So unless you believe that there are simply more conservative TV news viewers out there than liberal ones, something else is going on at NBC. True, the nightly evening newscast with Brian Williams has been leading its network competitors, but the overall audience is shrinking. People are getting more of their news from other sources, and it’s hard to measure exactly where, since there are so many sources now available in so many different and new media.

When it comes to Sunday morning, Gregory was definitely a big part of the problem—if not the entire problem. I found him hard to watch. Where Russert was all business and nearly prosecutorial in his interviews, Gregory strove to be chummy, at times ingratiating and occasionally fawning. Where Russert always seemed to be of the same stature of the people he was talking to, Gregory could come off as obsequious. No wonder they brought in the psychologist. They needed him to be more of an alpha male. Or actually, just an alpha. When they brought in substitute hosts like Erin Burnett or Savannah Guthrie, there was a noticeable improvement.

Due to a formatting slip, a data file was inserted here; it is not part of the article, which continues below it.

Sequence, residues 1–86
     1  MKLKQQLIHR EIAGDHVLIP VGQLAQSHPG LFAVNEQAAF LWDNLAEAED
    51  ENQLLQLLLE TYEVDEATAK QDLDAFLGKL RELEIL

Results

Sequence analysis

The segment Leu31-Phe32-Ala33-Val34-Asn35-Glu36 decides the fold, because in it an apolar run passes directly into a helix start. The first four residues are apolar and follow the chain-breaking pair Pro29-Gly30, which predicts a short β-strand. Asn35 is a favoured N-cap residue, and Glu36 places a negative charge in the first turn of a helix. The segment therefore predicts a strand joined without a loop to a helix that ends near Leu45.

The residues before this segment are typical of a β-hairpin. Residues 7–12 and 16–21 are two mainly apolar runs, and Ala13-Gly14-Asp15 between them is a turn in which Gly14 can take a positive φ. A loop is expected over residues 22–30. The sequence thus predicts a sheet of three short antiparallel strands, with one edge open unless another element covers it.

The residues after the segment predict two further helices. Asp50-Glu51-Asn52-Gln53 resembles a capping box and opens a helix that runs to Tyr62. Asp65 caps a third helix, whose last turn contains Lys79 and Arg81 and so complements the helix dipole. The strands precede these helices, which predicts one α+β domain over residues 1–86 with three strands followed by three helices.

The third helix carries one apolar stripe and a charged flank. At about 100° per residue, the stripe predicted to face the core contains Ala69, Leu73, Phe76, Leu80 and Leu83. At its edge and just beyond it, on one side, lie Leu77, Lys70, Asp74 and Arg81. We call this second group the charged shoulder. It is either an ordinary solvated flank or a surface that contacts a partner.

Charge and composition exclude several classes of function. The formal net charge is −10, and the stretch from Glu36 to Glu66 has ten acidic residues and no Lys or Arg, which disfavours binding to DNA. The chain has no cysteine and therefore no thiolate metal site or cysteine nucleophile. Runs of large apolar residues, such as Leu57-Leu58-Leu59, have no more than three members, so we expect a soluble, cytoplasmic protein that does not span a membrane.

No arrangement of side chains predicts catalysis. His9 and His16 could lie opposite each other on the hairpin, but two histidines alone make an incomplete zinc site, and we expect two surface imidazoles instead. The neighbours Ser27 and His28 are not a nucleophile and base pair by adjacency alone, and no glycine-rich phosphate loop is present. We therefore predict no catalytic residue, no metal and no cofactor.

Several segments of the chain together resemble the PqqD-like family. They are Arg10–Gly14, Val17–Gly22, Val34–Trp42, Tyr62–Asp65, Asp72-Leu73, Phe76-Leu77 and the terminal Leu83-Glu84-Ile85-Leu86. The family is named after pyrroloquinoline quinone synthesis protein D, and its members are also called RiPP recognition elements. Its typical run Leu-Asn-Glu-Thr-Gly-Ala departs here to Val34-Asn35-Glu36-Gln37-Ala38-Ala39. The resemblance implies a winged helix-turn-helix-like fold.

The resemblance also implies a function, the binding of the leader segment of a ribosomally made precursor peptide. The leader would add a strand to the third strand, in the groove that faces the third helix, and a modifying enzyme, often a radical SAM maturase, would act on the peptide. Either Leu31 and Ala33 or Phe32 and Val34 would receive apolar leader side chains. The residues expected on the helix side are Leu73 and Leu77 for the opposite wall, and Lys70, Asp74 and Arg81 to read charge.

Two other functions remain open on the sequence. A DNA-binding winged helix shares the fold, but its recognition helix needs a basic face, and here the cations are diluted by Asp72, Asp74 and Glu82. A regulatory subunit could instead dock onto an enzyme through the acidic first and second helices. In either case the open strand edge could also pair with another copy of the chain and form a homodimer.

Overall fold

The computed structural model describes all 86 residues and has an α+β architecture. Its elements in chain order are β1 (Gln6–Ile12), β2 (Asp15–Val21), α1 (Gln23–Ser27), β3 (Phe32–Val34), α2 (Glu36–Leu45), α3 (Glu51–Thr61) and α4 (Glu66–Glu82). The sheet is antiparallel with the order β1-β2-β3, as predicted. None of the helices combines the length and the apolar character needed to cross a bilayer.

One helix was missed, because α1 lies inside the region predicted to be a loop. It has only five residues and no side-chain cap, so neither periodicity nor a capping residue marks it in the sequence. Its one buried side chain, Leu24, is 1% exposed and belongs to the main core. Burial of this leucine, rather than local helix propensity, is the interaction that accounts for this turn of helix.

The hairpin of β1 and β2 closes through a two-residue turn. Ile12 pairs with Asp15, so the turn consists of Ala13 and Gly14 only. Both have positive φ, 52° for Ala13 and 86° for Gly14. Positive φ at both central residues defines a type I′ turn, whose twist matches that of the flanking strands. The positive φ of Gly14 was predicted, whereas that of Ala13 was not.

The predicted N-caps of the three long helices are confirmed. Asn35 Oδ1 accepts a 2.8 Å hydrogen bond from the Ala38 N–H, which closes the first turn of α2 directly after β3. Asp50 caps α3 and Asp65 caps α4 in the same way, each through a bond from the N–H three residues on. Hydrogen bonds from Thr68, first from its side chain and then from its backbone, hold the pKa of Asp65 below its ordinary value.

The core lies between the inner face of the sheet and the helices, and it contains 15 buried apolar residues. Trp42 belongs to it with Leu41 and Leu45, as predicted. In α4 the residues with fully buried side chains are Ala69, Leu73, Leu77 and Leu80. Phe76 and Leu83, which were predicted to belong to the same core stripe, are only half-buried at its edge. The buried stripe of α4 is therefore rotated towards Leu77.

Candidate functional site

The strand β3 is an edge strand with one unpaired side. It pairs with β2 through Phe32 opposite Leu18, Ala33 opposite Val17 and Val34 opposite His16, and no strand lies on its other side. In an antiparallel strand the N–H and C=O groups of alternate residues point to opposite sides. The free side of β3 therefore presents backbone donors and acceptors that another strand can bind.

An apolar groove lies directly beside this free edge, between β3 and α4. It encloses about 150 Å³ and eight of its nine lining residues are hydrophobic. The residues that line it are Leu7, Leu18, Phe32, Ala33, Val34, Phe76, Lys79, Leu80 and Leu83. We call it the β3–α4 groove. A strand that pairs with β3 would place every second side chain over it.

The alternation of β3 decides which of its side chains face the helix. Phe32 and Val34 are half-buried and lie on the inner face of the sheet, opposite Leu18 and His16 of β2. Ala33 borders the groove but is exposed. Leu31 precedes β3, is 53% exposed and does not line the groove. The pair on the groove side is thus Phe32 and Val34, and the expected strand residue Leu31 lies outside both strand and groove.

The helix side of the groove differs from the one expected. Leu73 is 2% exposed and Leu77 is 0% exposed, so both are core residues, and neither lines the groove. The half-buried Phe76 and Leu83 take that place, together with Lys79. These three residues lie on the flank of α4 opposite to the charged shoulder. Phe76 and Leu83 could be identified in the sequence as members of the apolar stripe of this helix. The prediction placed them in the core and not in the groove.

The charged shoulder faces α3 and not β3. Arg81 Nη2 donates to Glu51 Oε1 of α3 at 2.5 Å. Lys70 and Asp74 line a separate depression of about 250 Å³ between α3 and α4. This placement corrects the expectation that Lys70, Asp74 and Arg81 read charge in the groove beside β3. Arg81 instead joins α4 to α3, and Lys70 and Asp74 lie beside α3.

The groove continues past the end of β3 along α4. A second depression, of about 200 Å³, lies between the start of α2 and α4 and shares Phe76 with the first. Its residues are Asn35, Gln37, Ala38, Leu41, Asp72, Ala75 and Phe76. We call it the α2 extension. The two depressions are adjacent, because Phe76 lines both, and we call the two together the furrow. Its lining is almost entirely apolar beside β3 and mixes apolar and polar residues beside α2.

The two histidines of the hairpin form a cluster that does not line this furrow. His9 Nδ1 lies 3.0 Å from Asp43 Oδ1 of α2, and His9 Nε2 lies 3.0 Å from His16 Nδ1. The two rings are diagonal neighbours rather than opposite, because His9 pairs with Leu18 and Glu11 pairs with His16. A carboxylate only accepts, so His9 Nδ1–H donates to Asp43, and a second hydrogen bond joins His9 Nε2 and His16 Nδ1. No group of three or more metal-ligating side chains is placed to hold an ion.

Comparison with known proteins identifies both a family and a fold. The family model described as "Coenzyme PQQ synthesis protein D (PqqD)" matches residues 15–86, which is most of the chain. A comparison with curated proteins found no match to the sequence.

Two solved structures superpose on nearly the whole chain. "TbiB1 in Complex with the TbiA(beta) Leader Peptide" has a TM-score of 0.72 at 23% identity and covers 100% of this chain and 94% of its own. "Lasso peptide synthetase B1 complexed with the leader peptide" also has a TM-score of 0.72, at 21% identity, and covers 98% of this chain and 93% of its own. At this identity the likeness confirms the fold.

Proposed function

Will Chuck Todd do any better? He is nothing if not a political wonk, so maybe. But the real question is whether the traditional Sunday morning news program has outlived its usefulness. As with weekly news magazines like Time and Newsweek, the weekly news round-up seems less relevant in the era of a virtual 24/7 news cycle. On the other hand, the delivery of “all news all the time” doesn’t leave consumers much time for perspective or context. Maybe we actually need those Sunday (or whatever day) weekly shows more than ever. But maybe they also need to do some evolving in order to catch up with the rest of the world.